- The Washington Times - Sunday, March 2, 2014

D.C. police officers are not giving the proper information to people who ask about filing complaints against officers, the American Civil Liberties Union concluded after performing spot checks at city police stations.

“Undercover investigators” from the ACLU of the Nation’s Capital went to 10 D.C. police stations and substations in December to determine how officers would respond to requests for information on how to file a police compliant, said John Albanes, a fellow with the ACLU.

Among the findings, officers at six of the 10 police stations failed to mention the Office of Police Complaints as a means to file a complaint. Citizens can make official complaints about police misconduct through either the department’s Internal Affairs Division or by contacting the Office of Police Complaints, a civilian-led independent oversight board.

At two of the 10 police stations, officers reacted “with hostility” to the inquiries, said Mr. Albanes, who provided testimony about the tests during a D.C. Council oversight hearing Friday on the department.

“One officer at the First District substation threatened that the complainant would have to be interrogated at her home,” Mr. Albanes said. “Another officer at the Fifth District station stated that he wouldn’t provide any information on how to file a complaint unless our tester first told him what the complaint was about.”

The police department’s general orders ban officers from discouraging anyone from making a complaint and also specifically outline how to take complaints.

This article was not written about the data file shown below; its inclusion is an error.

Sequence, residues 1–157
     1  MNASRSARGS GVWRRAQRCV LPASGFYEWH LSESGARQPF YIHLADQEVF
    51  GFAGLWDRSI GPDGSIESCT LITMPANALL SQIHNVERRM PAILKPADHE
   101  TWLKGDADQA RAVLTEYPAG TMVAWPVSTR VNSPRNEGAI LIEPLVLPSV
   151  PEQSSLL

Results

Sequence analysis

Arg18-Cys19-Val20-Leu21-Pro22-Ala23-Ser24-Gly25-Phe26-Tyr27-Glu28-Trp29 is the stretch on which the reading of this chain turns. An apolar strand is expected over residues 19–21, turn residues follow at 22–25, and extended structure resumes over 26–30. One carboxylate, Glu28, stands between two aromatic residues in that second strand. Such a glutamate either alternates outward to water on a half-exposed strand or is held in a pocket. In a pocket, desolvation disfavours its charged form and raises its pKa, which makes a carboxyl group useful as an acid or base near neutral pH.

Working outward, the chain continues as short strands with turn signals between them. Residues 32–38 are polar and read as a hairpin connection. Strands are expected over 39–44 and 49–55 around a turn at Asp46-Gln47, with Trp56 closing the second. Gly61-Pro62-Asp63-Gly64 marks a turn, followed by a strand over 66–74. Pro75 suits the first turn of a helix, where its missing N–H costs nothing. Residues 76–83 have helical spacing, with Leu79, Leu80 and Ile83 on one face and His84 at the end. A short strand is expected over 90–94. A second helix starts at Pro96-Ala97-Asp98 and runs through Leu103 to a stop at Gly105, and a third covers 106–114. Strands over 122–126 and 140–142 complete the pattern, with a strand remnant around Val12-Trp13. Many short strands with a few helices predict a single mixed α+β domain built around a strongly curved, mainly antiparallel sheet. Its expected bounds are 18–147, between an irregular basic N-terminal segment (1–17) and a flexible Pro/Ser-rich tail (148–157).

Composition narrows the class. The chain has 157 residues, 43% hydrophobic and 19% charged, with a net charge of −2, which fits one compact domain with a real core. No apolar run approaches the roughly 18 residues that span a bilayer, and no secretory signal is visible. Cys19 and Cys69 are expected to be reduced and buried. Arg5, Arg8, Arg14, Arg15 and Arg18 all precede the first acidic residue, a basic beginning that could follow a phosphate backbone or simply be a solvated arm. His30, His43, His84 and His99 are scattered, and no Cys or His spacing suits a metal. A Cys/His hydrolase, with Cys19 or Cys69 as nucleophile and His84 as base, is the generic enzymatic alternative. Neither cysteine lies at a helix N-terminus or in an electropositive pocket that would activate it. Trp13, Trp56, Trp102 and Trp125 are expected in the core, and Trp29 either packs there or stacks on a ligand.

The handling of police complaints was one of many protocols examined by the Department of Justice during its oversight of the Metropolitan Police Department from 2001 until 2008. During Friday’s oversight hearing, Police Chief Cathy L. Lanier cited the last report issued during that oversight period as giving the department high praise for having documents that outline the complaints process in police stations nearly all the time.

“Maybe the issue is regular audits again for awhile,” she said, adding the last such audit was done in 2008.

Chief Lanier promised to look into the issue and noted that if the police department doesn’t receive complaints it can’t fix problems.

“We require that stuff be done and then we audit to make sure it’s there. So I will conduct another internal audit to make sure the compliance measures we have are being upheld,” Chief Lanier said.

Mr. Albanes said that during the tests conducted by ACLU staff, posters were often seen in the police stations outlining the complaints process and options for complainants. The problem was officers did not seem aware of the process or provided false information.

“We’re talking about six whole years without formal oversight, so things can definitely go awry in that time,” he said.

When ACLU staff called police stations by phone to inquire about the complaint process, the type of officer response mirrored the results of the in-person station visits, Mr. Albanes said.

D.C. Council member Tommy Wells, Ward 6 Democrat and with oversight of the police department, noted deficiencies in the current process, including slow results from the Office of Police Complaints. He questioned whether the current method is the best way to handle complaints.

“I’m wondering if there should be an overhaul of the Office of Police Complaints,” he said.

Mr. Albanes said the ACLU would support efforts to grant the Office of Police Complaints more authority.

• Andrea Noble can be reached at anoble@washingtontimes.com.

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